2. Plan Your Research Methods
Once you have a concrete question you want to address, the next step is to choose your method of conducting marketing research and analysis. While most people might think about the “Mad Men” era of focus groups and consumer interviews, the modern digital age makes it easy to collect a variety of information related to your query.
Data collection is one of the most important parts of market research. Note that data collection will be different for every company. Your organization might not be big enough to collect first-party data and, therefore, need to rely on second- and third-party sources. And, depending on your marketing objectives, some research tactics will be more fruitful than others. See examples of research methods below.
3. Conduct Market Research
If you’ve never done market research before, keep an open mind to find what works best for your unique market and discovery goals. Start out with the options below. As results unfold, you can fine-tune how to do market research online.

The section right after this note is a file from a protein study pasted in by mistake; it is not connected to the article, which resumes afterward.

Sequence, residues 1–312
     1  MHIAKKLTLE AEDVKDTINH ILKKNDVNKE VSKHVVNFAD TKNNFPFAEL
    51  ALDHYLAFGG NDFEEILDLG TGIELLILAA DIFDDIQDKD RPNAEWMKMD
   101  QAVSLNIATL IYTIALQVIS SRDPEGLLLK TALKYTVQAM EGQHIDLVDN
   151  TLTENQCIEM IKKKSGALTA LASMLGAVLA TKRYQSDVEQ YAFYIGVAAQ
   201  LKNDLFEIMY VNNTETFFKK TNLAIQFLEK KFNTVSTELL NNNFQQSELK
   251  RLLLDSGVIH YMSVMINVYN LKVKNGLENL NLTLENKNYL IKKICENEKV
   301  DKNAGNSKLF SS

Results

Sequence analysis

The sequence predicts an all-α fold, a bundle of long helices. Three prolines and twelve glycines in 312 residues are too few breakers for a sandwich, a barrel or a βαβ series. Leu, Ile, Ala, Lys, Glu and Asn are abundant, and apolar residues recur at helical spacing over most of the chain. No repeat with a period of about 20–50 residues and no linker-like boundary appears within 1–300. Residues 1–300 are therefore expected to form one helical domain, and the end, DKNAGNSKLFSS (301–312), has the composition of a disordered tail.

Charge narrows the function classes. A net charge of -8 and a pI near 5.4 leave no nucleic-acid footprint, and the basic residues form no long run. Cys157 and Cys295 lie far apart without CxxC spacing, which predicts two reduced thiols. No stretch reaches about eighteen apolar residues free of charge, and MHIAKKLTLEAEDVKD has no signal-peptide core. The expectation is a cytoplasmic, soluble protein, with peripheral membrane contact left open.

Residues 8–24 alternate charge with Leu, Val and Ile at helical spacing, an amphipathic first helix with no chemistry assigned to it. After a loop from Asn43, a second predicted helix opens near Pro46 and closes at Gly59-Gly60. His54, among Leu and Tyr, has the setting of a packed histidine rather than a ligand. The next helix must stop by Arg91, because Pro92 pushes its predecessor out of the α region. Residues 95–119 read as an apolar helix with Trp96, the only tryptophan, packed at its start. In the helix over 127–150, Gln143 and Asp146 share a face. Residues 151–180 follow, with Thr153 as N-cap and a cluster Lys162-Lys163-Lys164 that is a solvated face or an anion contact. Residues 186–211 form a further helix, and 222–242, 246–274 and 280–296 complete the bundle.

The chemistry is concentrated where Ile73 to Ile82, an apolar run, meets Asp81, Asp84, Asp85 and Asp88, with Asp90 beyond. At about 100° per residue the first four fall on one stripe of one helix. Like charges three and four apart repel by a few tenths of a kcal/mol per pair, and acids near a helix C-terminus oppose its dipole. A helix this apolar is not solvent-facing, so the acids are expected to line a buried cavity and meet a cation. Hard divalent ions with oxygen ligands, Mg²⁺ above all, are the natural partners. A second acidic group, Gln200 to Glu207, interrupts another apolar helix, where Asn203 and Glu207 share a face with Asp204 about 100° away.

Send Out Surveys to Understand Customer Sentiment
The most common tool that companies use in their audience analysis is online surveys. Most survey software platforms are free or cheap to use, and you can export the data for easy manipulation. Whether you’re simply asking a few specific questions or sending out extensive surveys with open-ended questions to tap into the customer’s mind, you can have a treasure trove of first-person data in just a few days.
See What Website Visitors Are Doing on Your Site
Tools like Google Analytics make it possible to tap into online market research without disrupting your customers. Check out some of the options available through web analytics tools, which allow you to monitor engagement rates and customer behavior. You can use this information to make marketing decisions based on data-backed proof of customer interests.
Learn About Your Website Demographics
Google Analytics can help you learn about the demographics of your website visitors as well. Under the Audience Reports, you can view demographics like age and gender.
To learn more about those interested in your brand, check for insights on any social profiles you have. For example, on your business’s Facebook page, you can navigate to the Insights tab, then click on “People” from the left-hand menu to see the age and gender of your fans, as well as their country, city, and language preferences.